Everyone has their coping strategies for cubicle life. I like to travel and chase goals. I also enjoy pursuing various physical challenges to keep me sane. The last 2 years it was the 5.25 mile Cross Bay Swim. Previously it was bodybuilding, flag football, kickball, soccer, kayaking, hiking, or any number of other things. This year I decided to return to studying Martial Arts.
One of my first memories is of a karate class. When I was very young my parents brought me to a karate class I believe taught by my godfather. Mostly, I remember playing with other kids on a mat in a gymnasium and having a great time.
Failure to Prepare is Preparing to Fail
I’m not certain if my parents ever took another class but later on they enrolled my brother and I in karate in a hole-in-the-wall North Babylon studio that had mirrors on the wall and pictures of students in full 80s greasy curled hair. Despite a love of 80’s-riffic fighting movies with training montages (Karate Kid, Rocky, etc) and the dot matrix print outs of workouts and belt-testing requirements they sent us home with, we never practiced. Our instructors covered and re-covered the same material so often I’m sure they thought we were “special.” No matter how much we learned, we earned a few belts for attendance. I think the most use our uniforms received were as stand-in Halloween costumes. After maybe a year either my parents got tired of paying for this glorified day care or the instructors got tired of taking their money and our lessons ended. I think that was when I started my education.
There’s something about having knowledge (or more accurately, access to knowledge) taken away from you to make you want to learn something. At least that was how it was for me. The end of those (lack of) lessons led to me getting every book in the library on karate, kung fu, and related disciplines. I even think I bought a few from the elementary school book sale. I’d arrange my GI Joes in the stances, forms, and strikes I saw in those pages and practice them as best I could. Those 80’s movies came in handy as I did my best to imitate Daniel LaRusso, the Best of the Best fighters, and the likes of American Ninja. This probably went on for longer that I would care to admit. At least until I was able to take formal lessons.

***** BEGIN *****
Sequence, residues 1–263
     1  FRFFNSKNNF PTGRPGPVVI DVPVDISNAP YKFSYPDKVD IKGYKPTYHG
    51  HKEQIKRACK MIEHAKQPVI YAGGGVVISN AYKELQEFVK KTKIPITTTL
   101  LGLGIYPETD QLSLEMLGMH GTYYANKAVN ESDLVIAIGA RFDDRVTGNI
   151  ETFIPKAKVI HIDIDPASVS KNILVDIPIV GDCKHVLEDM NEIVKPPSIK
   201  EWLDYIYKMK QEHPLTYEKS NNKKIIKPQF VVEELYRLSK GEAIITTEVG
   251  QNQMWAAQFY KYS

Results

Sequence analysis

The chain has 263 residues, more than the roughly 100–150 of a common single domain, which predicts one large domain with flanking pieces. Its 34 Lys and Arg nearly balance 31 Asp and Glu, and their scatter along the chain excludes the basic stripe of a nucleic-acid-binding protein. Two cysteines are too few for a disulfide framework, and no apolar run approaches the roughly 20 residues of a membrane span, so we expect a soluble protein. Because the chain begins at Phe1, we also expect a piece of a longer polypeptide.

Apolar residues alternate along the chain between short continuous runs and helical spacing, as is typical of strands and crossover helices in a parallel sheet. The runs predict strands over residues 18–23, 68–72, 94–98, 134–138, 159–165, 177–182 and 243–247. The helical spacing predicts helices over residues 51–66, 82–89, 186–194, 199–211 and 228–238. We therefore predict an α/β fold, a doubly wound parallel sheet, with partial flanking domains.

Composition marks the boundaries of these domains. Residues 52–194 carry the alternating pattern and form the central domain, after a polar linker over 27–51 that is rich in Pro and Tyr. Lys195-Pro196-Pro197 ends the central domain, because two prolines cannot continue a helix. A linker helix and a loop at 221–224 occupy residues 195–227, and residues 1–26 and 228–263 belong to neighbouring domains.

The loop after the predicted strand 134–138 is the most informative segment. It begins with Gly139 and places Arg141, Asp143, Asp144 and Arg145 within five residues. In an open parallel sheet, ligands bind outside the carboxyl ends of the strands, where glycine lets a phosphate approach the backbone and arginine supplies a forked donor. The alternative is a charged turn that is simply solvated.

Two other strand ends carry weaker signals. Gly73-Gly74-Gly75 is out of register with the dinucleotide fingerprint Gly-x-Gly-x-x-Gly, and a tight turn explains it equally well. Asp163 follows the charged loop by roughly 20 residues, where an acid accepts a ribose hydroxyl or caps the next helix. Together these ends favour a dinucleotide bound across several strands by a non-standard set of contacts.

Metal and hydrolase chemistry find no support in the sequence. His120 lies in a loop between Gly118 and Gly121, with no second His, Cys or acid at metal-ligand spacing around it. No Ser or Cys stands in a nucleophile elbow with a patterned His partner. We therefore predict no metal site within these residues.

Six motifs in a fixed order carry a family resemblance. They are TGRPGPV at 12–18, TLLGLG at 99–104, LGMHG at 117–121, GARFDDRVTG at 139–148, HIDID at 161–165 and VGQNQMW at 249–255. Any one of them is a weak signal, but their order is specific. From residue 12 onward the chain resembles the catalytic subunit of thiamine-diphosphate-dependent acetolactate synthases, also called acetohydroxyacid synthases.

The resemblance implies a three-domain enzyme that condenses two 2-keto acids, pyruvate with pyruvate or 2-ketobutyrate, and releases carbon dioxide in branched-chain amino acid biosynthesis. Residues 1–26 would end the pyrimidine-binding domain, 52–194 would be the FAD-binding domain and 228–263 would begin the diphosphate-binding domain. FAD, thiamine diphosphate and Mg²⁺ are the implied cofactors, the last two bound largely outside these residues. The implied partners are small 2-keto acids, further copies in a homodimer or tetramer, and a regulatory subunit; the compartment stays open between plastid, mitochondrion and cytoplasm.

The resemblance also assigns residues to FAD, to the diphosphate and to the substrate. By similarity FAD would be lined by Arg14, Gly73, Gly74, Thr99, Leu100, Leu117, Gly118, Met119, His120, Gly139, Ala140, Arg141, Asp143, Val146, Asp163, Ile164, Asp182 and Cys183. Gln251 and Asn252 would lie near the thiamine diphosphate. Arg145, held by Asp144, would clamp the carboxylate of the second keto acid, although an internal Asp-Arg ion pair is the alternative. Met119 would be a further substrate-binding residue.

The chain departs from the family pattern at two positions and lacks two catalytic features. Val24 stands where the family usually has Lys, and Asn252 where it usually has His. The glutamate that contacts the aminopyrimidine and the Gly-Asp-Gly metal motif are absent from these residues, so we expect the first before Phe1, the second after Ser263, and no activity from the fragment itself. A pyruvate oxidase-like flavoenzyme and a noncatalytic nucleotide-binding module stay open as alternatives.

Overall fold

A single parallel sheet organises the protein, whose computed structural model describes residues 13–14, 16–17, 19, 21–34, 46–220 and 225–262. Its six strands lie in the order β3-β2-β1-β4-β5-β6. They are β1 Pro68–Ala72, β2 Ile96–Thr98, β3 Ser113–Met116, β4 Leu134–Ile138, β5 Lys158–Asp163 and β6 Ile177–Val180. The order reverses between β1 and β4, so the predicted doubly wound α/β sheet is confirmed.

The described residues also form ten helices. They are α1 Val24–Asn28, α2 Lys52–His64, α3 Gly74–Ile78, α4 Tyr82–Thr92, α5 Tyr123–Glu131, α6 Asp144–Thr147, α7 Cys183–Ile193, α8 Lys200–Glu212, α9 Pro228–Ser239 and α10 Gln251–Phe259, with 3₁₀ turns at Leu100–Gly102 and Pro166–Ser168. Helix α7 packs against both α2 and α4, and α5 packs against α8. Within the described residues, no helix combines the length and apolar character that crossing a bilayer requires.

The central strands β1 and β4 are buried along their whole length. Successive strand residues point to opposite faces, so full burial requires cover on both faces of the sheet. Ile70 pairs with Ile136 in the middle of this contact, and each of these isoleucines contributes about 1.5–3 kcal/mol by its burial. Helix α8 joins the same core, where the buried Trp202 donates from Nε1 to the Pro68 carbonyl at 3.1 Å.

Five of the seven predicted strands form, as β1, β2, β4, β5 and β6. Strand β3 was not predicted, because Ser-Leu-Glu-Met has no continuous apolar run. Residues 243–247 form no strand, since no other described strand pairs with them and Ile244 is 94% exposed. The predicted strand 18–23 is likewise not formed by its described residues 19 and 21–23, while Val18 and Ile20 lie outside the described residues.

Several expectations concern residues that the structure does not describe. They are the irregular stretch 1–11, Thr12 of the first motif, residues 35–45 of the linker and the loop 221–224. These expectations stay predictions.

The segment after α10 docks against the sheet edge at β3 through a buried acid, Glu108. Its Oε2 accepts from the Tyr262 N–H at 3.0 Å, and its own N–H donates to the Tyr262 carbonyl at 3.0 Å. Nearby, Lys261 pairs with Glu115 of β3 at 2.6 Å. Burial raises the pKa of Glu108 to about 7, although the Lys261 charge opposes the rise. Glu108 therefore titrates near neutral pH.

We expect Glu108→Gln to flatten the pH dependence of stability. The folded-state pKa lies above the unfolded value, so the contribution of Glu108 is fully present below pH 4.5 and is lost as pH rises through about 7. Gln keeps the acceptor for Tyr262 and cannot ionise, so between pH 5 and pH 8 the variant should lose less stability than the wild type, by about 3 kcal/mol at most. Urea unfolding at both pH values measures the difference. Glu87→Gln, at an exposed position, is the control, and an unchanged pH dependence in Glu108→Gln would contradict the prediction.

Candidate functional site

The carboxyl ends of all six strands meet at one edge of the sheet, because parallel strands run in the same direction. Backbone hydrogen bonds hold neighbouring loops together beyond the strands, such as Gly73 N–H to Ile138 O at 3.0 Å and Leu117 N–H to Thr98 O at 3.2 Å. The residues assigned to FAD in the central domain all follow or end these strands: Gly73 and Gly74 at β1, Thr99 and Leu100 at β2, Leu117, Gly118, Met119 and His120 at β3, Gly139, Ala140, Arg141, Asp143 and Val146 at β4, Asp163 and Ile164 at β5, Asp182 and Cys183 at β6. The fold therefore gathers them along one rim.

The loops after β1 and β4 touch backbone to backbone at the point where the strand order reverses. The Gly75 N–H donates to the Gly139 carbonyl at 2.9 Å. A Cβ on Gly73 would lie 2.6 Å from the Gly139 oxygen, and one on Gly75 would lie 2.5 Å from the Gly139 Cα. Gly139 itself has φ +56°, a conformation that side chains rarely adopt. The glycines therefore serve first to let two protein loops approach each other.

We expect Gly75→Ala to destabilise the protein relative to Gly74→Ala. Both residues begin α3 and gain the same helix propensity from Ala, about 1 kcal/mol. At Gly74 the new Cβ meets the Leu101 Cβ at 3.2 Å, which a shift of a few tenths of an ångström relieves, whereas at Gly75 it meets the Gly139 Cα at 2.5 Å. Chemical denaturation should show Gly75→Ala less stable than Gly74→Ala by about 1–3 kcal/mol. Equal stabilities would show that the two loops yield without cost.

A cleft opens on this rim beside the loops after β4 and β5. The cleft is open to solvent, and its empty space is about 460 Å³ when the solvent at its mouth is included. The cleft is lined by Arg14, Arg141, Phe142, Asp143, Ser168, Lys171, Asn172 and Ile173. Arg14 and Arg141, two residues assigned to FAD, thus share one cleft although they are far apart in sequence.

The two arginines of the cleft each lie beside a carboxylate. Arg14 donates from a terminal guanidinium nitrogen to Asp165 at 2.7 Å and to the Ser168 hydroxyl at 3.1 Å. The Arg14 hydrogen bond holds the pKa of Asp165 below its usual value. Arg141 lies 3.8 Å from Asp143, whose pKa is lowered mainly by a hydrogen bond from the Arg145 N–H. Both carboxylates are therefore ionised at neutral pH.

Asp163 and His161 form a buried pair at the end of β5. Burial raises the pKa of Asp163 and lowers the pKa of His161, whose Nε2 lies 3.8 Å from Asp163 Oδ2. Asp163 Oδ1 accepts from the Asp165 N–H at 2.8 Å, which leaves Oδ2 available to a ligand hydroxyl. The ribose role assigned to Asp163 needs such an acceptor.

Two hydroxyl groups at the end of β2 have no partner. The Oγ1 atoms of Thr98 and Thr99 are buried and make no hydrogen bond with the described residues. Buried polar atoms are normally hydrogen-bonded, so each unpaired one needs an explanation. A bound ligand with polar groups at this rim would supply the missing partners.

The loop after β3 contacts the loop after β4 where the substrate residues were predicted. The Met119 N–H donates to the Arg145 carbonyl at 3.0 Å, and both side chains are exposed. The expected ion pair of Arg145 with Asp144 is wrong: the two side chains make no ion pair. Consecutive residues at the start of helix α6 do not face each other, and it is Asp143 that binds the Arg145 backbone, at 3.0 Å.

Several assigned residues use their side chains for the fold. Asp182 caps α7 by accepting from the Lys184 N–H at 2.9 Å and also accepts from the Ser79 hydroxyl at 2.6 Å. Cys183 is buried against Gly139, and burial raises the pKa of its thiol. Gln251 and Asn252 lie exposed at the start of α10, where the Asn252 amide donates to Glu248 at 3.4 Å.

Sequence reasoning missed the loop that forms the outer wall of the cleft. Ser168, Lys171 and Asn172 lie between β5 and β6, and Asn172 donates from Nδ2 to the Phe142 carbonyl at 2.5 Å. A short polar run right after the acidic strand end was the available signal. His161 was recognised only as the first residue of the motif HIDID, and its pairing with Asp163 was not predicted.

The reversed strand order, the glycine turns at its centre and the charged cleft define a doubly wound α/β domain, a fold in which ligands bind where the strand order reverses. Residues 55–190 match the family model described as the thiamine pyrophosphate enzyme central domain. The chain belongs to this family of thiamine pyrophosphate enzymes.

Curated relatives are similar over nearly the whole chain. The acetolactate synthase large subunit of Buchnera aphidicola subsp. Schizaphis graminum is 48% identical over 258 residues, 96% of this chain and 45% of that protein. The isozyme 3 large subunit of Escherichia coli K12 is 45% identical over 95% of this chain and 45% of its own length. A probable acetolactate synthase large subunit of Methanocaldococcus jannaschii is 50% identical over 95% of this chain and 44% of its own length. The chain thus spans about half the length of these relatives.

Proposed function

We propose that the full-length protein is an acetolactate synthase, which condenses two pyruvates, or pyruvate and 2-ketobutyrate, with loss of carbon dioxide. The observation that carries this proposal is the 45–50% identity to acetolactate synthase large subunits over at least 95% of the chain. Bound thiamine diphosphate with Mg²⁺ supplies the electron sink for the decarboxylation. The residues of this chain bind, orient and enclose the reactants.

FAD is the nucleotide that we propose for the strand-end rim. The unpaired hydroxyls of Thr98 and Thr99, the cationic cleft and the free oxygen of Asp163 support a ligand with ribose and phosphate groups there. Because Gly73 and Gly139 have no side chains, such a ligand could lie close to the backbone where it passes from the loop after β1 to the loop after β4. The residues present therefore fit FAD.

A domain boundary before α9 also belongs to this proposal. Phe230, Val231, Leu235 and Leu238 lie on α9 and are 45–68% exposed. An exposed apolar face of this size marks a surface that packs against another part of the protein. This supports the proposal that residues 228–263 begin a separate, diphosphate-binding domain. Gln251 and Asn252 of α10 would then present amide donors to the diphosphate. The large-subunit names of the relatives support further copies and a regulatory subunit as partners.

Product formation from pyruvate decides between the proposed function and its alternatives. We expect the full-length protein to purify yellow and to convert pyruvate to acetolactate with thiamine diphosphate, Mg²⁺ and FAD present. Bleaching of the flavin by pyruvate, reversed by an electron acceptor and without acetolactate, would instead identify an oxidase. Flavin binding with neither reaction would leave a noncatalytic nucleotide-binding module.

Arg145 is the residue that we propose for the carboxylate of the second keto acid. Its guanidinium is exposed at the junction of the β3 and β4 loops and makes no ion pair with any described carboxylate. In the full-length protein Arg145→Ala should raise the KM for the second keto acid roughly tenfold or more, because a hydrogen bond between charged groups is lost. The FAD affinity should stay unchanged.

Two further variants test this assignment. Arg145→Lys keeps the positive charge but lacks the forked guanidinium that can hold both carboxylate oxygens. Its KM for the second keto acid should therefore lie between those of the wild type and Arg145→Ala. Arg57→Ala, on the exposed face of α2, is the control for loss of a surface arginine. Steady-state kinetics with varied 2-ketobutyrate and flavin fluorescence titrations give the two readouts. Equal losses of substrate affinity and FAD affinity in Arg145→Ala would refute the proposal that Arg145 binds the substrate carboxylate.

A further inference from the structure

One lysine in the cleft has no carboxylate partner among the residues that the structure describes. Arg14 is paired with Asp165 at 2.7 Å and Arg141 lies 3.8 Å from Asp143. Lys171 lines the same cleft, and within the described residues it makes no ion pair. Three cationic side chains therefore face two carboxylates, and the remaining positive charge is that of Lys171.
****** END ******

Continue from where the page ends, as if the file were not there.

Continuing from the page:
A Good School
Serious study came when I entered to win free lessons at a nearby school – Fred Vilari’s karate. Surprise! I won. (It’s a marketing technique, everybody won!) I was in about 8th grade and I really took to it. I loved going. Many birthdays, Christmas’s and other gift-giving occasions led to me taking private lessons, learning weapons, getting more books, etc. Some friends joined and soon I was going with them, competing with (and against) them, and having a good time. We all marched lock-step in belt advancement. That irritated me. I really thought I was putting in a lot more effort (and was a lot more effective) than several of my peers.Eventually my peers petered off one by one. We had other concerns. Soccer, cross country, track, girls, boy scouts, church, etc all got in the way. I am not sure when I stopped my longest run of instruction but it was after a few years. I would re-join time and time again through out and even into college. I would do tournaments, try out other schools, practice with other friends but never for more than a couple of months.